The international law firm in London said it believes its application is the first time that legal action has been initiated abroad against Indian authorities over alleged war crimes in Kashmir.
Hakan Camuz, director of international law at Stoke White, said he hoped the report would convince British police to open an investigation and ultimately arrest the officials when they set foot in the UK.
Some of the Indian officials have financial assets and other links to Britain.
“We are asking the UK government to do their duty and investigate and arrest them for what they did based on the evidence we supplied to them. We want them to be held accountable,” Camuz said.
The police application was made on behalf of the family of Pakistani prisoner Zia Mustafa, who, Camuz said, was the victim of extrajudicial killing by Indian authorities in 2021, and on behalf of human rights campaigner Muhammad Ahsan Untoo, who was allegedly tortured before his arrest last week.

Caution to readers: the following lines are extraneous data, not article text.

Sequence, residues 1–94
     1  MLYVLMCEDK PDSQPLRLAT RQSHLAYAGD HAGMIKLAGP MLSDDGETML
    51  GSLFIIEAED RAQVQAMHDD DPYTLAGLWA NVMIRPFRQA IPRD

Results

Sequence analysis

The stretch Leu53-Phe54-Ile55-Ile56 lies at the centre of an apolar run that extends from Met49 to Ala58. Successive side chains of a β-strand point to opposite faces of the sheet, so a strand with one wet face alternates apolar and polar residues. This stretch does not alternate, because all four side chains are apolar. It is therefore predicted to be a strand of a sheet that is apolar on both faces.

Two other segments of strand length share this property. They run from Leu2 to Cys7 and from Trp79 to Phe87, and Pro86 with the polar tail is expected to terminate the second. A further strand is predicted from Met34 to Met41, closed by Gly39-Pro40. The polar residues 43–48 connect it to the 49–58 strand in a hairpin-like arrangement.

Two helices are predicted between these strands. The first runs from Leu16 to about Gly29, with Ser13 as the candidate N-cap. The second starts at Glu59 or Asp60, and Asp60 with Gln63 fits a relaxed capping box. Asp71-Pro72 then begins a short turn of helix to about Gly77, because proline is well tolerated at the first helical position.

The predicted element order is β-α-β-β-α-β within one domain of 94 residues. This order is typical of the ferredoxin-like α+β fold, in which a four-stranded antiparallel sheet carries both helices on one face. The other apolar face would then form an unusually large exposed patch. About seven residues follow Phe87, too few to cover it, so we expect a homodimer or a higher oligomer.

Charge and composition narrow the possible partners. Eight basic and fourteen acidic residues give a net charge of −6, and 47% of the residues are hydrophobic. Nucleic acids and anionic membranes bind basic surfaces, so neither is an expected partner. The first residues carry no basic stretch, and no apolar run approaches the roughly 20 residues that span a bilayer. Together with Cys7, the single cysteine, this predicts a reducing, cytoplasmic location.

Tens of thousands of civilians, rebels and government forces have been killed in the past two decades in Kashmir, which is divided between India and Pakistan and claimed by both in its entirety.
Muslim Kashmiris mostly support rebels who want to unite the region, either under Pakistani rule or as an independent country.
Kashmiris and international rights groups have long accused Indian troops of carrying out systematic abuse and arrests of those who oppose rule from New Delhi.
Rights groups have also criticized the conduct of armed groups, accusing them of carrying out human rights violations against civilians.
In 2018, the United Nations human rights chief called for an independent international investigation into reports of rights violations in Kashmir, alleging “chronic impunity for violations committed by security forces”.
India’s government has denied the alleged rights violations and maintains such claims are separatist propaganda meant to demonize Indian troops in the region. It seems, India is in big trouble and may not be able to escape this time. A tough time for Modi-led extremist government and his discriminatory policies. The world opinion about India has been changed completely, and it has been realized that there is no longer a democratic and secular India. India has been hijacked by extremist political parties and heading toward further bias policies. Minorities may suffer further, unless the world exert pressure to rectify the deteriorating human rights records in India.